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a person climbing a mountain that has faces in pain on it

How I Cope With AS and Fibromyalgia

Everyone deals with pain and fatigue differently. Those are my main symptoms from AS and fibromyalgia. My fibro diagnosis came a few months after my AS diagnosis. At first, I didn't feel the difference between the two; it was all just pain to me.

But I started noticing that I couldn't be touched, and my clothes started irritating my skin. So I started researching what fibro really was. I had heard of it before, but was not educated on the symptoms it caused. As I did my research it all started making sense, why I couldn't be touched, because it caused pain. It also explained why my clothes irritated my skin--it's a nerve condition, and not a pleasant one. My whole body started to hurt...Then I felt the difference between the two.

So, I had a little talk with myself and here's what I said

"Nay this is just another obstacle you will have to climb. It may take you some time to climb it but you will reach the top eventually."

From childhood, I was taught to fight. I grew up in a poor neighborhood in the Bronx. My mom was a single mom of 2 girls and we saw her struggles. We saw her fight every day to provide and keep a roof over our heads. She always told me where there's a will there's a way, and to always be grateful for the things you do have. While it may not be much, it's better than having nothing.

Those words stuck with me my entire life. I come from a strong bloodline; my grandfather had lymphoma and prostate cancer, and my grandma had osteoporosis. At 99, before she passed away, my grandma was still cooking and cleaning. My dad has had HIV for over 20 years now and you can't even tell that he has it. My mom had mental illness that she battled for most of her life. She beat a drug addiction in the late 90s, but struggled staying clean.

My mom lost her battle to depression in 2020 and took her life. However, she fought all those years and stood for us, took care of us, and gave us the best childhood she could. It wasn't always easy, but she never let us see what she was really facing. She made sure to remind us how strong we were.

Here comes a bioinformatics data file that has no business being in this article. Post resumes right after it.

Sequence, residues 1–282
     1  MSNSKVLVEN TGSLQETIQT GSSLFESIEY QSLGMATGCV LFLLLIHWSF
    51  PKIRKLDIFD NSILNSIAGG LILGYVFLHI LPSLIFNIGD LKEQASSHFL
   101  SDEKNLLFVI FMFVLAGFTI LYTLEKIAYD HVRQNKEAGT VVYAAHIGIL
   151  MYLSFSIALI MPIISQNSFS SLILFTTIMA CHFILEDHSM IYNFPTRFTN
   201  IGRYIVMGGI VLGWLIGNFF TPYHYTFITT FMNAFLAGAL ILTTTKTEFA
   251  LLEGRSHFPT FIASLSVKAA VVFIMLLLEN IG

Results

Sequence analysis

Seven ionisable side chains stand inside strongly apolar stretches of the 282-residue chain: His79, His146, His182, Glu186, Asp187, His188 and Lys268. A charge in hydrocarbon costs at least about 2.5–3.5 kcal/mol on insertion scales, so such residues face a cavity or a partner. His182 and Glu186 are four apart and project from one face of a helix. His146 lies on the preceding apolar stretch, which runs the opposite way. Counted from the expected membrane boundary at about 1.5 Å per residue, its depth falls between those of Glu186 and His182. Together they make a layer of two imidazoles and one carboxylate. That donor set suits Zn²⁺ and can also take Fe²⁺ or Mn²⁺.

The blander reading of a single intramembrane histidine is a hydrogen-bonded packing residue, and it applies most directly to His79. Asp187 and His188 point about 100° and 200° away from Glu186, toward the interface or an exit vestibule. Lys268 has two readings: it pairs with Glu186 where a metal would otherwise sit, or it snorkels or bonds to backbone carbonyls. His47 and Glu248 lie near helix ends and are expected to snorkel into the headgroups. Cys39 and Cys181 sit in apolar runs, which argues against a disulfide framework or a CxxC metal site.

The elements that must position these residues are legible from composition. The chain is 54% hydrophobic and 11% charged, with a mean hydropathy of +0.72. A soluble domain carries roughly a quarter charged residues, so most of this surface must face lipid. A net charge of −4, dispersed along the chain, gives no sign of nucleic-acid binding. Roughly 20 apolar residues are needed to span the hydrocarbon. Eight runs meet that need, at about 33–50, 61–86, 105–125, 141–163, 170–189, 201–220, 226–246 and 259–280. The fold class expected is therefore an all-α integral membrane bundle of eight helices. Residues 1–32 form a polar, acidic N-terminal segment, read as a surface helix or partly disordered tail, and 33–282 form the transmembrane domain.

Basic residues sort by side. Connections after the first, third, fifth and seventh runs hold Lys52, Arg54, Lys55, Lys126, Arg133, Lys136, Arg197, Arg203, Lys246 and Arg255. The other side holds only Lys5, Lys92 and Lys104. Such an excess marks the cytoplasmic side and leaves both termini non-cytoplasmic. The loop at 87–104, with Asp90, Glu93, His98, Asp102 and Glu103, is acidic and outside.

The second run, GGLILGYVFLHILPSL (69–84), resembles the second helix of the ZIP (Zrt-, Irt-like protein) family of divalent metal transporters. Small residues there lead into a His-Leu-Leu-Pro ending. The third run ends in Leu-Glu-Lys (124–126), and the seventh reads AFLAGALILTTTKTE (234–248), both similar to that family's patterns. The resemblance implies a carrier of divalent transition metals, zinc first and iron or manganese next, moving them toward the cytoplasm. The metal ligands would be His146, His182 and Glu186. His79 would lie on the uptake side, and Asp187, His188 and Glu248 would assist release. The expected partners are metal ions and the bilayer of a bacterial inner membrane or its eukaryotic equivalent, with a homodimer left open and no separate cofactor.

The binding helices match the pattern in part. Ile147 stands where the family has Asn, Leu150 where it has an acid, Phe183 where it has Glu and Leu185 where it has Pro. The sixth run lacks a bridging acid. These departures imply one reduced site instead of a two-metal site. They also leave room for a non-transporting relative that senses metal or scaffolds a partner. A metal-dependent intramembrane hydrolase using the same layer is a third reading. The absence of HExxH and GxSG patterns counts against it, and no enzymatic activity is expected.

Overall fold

As young ladies she reminded us every day that life isn't going to be easy, and that we will face many challenges, but it's up to us how we handle those challenges. Those words also stuck with me my entire life. When she lost her battle, I told myself I have to fight mine for her now just like she fought hers for us. My mental health has declined since I lost my mom; it was a very tough time and is still tough not having my rock, because she was my rock after diagnosis.

I know that she's looking down proud of everything that I'm achieving

Living with debilitating chronic pain and fatigue is not easy at all. I know it's easy to just give up and lay in sorrow but where's the fun in that? I always say look for the blessing instead of the curse.

I'm blessed to have a great support system, I'm blessed that I wake up every day surrounded by people who love me and want the best for me, I'm blessed to have a community that understands these challenges and makes my days a little brighter because I know I'm not alone, I'm blessed to still be able to dance because that's what brings me joy.

You're not alone either

We're in this together, so when you're feeling like you've had enough, look for your blessings. Look for your joy and remind yourself how amazingly strong you are to still be here to share your journey and help others that are not strong enough to keep going. Your journey can save someone.

The physical pain will always be there. It's up to us how we handle that pain mentally. If you're struggling right now I want you to know that I am too. But I know that my mom would be so proud that her journey made me the strong woman I am today. She wasn't weak because she lost her battle, she was strong enough to hold on for so long despite her pain.

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This article represents the opinions, thoughts, and experiences of the author; none of this content has been paid for by any advertiser. The team does not recommend or endorse any products or treatments discussed herein. Learn more about how we maintain editorial integrity here.

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